Our system was successful in tackling child labor in just over half of cases in the 2019 reporting period. Strong progress, but now we’re going further.
What underlies the successes we’ve had, and how can we improve? Well, the system’s strength stems from the fact that we’ve built it from the ground upwards. Our 1,640 child labor monitors are all local people who themselves come from the cocoa-growing communities. They monitor over 78,000 kids in Côte d’Ivoire and Ghana, and identify children at risk on our behalf. They work to find children at risk, help them, and then visit them regularly to see how they are getting on. We see about half of the kids coming out of child labor. This shows us we’re on the right track, but there is more to be done.
Working on family farms
Most cocoa-related child labor in West Africa involves children supporting their parents on family farms. Parents are often unaware that the work their children are doing even counts as ‘child labor’. Through community awareness-raising sessions and household visits, we help farmers distinguish between activities kids are able to perform, and those defined by law as child labor.
Sadly, we are still finding children doing hazardous activities, 23% of children monitored, according to our report. Once we suspect child labor, or identify a child at risk, we work with the family and local community to provide tailored support. This ranges from education activities, to income-generating activities for families, to assistance with farm work. We have helped over 75,000 children both within and outside our supply chain.
While in many cases the support we have given has been successful, every child’s situation is different. The report shows that some cases of child labor are very difficult to resolve. To eliminate child labor for good we need to work collaboratively with industry, governments, NGOs and farmers and communities themselves.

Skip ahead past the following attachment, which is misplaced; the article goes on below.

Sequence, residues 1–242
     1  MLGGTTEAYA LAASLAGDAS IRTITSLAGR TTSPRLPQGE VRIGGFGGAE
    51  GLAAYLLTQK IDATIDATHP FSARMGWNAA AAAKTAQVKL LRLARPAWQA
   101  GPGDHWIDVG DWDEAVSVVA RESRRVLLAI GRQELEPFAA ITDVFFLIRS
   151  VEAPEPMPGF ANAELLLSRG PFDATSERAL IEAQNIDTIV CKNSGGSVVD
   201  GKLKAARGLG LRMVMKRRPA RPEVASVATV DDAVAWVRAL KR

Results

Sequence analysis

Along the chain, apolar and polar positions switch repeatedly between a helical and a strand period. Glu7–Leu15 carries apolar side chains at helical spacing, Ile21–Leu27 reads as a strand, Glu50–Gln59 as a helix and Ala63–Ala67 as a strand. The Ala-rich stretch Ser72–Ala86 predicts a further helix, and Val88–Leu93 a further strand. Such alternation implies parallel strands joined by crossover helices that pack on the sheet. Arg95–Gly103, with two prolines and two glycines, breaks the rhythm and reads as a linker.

Education is effective
Our experience over the last seven years has shown that education is particularly effective in preventing and reducing child labor. So improving access to quality education will continue to be a key focus of our programs. Since we started our program in Côte d’Ivoire in 2012 we’ve built or refurbished 45 schools to improve access to education for over 19,000 children.
In addition ‘bridge schools’ are designed to help children who have missed out on schooling back into mainstream education. With small class sizes they deliver two years’ worth of the national curriculum in just nine months helping children become literate and numerate. We’ve built 70 of them with our partner, the Jacobs Foundation, and proved that they work well. So we will set up a further 60 bridging classes to help over 1,600 children.
Supporting cocoa farming communities’ livelihoods is also an important part of our strategy. We’ll continue to encourage income diversification and women’s empowerment, teach better farming practices and enable access to basic financial services.
Above all, we’ll continue to be driven by results, improve the system’s efficiency and innovate with new solutions. For example we’re experimenting with full-time, rather than part-time monitors, to allow them to cover larger areas. As we extend the system across West Africa, we’ll keep you posted annually on our progress – through our Nestlé in Society report, and on the Nestlé Cocoa Plan website.
I’m delighted that we will be sourcing all our cocoa for confectionery products through the Nestlé Cocoa Plan by 2025. This represents a doubling of our volume. The Child Labor Monitoring and Remediation System is a key component of the Nestlé Cocoa Plan where there is a high risk of child labor, so we will use CLMRS in all our sourcing from West Africa by 2025.
Our 2019 report shows that we’re on a journey. The system’s success shows us there is a light at the end of tunnel. We’ll redouble our efforts to reach it. The CLMRS is only part of the solution, but a key part. Working together, and following a holistic approach, I truly believe we can succeed.